In short, it’s our longing for God.
We all have our journey of emptiness and longing.
For me, an incessant emptiness and dryness has defined the depths of my spiritual life for my entire remembered life. As a nineteen-year-old, I decided it was time to put mind over matter. If Christ truly is present in the Blessed Sacrament, that changes everything.
So I found myself, sometimes for hours, in front of the tabernacle, trying to act as I should given the supposed presence of Christ. Riddled with questions and longing for wholehearted faith in God, I felt I was falling short of any semblance of genuine faith that previously prevailed. My mind was caught in questions of the logical solidity of my faith rather than allowing me to become wrapped in God’s presence.
Amid this forced attempt at “fake it ‘til you make it” faith, I felt required to defend my faith, offering a witness of a religion to which I was not entirely sure why I was committed.
I know I’m not the only one who has been there: we’re all on this journey of faith together, seeking to grasp our faith both in our practice of the faith and in how we question and challenge our faith.
Sometimes, I imagine my soul as a cup, longing to be filled with the Lord. Yet, I realized, once this cup was filled, what would I have to thirst for?
My mind told me I might as well continue to assume that God exists, yet my heart was dry and distant. Yet, it was precisely this emptiness — this thirsting — that kept me returning weekly to His presence. Over time, I began to understand this emptiness as nothing but the voice of God speaking directly to my heart, wrapping his loving arms around me and whispering, “I am here.” I am not satisfied with this finite world, and that disastification is a gift drawing me toward God.
You see, people don’t feel hunger without the existence of food. We don’t feel tired without the existence of sleep. Sure, my little niece may have a desire to be BB-8 or Yoda when she grows up, but that’s not an innate human desire: it’s conditioned by the world around her.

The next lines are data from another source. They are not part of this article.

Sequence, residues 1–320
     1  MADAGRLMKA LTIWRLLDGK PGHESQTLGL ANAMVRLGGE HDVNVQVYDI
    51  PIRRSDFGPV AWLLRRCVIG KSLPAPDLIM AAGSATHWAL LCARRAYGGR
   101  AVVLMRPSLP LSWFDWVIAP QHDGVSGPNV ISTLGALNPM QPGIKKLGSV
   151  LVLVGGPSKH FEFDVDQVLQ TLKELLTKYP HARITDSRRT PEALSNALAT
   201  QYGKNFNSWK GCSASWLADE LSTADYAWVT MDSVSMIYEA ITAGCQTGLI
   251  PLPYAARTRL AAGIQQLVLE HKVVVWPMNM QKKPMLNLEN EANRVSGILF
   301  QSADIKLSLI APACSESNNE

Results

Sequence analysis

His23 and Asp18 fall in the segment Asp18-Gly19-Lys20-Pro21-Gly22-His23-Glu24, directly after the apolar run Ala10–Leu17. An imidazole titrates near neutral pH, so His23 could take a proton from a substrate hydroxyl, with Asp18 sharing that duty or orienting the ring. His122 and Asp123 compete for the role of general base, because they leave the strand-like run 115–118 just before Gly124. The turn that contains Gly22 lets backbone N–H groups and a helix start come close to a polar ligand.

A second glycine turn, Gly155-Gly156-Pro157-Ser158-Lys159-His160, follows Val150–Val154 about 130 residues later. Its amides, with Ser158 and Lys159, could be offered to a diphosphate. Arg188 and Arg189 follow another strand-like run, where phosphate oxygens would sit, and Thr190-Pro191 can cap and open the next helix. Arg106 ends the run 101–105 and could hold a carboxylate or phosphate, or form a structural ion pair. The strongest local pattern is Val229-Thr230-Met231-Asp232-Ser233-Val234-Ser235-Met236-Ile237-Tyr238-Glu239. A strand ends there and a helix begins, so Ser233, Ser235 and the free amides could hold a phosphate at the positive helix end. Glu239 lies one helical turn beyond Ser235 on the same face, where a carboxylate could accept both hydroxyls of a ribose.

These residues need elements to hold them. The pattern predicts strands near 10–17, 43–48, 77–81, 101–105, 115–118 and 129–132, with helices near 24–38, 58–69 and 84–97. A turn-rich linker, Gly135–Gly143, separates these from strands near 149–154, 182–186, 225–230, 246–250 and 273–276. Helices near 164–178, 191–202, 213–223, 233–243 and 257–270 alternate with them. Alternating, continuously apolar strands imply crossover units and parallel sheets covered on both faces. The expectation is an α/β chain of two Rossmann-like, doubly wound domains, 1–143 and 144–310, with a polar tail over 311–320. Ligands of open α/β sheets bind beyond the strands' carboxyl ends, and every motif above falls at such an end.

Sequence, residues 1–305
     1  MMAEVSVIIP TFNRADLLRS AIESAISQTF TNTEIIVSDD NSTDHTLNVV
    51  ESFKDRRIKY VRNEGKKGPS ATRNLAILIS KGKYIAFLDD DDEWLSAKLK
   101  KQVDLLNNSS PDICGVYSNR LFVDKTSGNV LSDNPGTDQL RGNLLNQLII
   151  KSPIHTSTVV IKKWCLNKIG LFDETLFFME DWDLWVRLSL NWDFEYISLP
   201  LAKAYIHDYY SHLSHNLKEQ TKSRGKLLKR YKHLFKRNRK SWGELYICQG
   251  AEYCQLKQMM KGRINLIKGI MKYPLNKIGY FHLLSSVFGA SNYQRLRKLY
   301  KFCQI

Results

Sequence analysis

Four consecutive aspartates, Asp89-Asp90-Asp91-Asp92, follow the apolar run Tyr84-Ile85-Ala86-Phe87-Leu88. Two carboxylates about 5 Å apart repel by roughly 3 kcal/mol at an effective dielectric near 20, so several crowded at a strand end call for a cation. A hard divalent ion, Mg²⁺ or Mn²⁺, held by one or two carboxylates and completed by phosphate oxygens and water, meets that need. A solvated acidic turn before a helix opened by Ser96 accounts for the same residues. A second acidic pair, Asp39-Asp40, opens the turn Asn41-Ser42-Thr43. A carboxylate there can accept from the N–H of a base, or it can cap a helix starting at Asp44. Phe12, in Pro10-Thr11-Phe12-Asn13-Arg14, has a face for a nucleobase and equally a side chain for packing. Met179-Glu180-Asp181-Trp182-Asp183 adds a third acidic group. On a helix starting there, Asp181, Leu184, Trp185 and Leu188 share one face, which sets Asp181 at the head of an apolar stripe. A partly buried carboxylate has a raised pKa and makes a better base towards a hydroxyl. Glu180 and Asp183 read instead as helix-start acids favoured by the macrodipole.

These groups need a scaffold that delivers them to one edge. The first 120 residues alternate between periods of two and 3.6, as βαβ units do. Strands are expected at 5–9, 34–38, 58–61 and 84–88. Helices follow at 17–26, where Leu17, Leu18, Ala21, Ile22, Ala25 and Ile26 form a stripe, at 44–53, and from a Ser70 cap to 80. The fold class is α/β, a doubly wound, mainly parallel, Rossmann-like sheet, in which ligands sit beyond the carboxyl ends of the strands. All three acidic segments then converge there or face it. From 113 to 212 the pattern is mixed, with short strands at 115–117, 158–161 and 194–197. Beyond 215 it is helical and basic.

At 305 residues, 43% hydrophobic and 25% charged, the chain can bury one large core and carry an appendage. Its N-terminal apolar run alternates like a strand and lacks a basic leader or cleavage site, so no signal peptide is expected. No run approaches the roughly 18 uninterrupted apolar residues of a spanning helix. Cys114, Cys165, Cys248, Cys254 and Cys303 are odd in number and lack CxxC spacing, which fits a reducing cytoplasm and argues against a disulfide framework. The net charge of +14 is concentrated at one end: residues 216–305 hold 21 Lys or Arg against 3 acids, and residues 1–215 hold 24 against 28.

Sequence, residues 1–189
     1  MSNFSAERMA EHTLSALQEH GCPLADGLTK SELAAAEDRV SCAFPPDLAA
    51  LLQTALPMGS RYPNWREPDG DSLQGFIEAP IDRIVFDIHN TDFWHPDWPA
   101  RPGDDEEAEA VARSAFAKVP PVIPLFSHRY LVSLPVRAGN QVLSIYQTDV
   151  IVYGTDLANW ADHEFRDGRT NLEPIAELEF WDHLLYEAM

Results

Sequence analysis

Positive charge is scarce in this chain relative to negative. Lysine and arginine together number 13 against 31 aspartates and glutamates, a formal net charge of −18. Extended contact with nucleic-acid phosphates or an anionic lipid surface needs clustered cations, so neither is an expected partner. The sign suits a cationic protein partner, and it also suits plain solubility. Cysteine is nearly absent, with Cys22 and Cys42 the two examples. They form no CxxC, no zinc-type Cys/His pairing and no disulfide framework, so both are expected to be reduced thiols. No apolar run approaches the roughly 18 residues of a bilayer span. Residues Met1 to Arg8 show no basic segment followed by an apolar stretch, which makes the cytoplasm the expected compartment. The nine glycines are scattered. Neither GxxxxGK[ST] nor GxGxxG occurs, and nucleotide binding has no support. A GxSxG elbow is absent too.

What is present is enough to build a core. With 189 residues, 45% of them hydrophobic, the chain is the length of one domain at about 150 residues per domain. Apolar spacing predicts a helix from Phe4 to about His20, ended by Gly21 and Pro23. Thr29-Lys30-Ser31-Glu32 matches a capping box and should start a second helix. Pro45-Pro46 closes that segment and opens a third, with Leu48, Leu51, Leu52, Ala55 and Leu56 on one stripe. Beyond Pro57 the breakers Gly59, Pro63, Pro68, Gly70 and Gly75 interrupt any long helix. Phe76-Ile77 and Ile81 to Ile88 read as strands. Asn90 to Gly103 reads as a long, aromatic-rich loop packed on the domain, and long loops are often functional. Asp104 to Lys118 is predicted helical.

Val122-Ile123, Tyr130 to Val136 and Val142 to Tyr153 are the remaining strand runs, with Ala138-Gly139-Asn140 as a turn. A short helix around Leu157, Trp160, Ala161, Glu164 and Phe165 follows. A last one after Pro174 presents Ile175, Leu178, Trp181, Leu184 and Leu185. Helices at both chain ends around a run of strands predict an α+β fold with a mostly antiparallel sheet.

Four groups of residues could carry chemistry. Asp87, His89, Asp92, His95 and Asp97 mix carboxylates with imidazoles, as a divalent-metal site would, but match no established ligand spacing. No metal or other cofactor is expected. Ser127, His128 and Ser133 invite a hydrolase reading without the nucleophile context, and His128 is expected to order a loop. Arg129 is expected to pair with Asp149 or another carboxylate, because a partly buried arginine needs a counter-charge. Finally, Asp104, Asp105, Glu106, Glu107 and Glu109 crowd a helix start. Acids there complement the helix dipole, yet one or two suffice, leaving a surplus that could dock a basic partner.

Every single innate human desire has the possibility of fulfillment. This is actually one of the many arguments for the existence of God: the argument from desire. Sure, it’s logically possible that this innate human desire for something more may be the exception. But, if it is an exception, then what a cruel world we live in to fool us so! Of course, it’s also possible for one to deny this eternal emptiness.
We are not mere mortals wishfully dreading our finite end: our souls are made for eternity. Our souls are made for God.
There is a God-shaped hole in the depths of each of our beings.
In our emptiness, in our longing, and in our search for something more, God is present. Every time we find ourselves saying, “somewhere else there must be more of it,” it’s because somewhere else, there is.
It’s not money. It’s not power. It’s not human relationships. It’s not even found in the way early morning mist perfectly places itself on towering silver maples on a mild summer dawn. Searching in these places will only leave us empty. While we can taste heaven on earth, our cups won’t be full until we enter into the eternal embrace of God.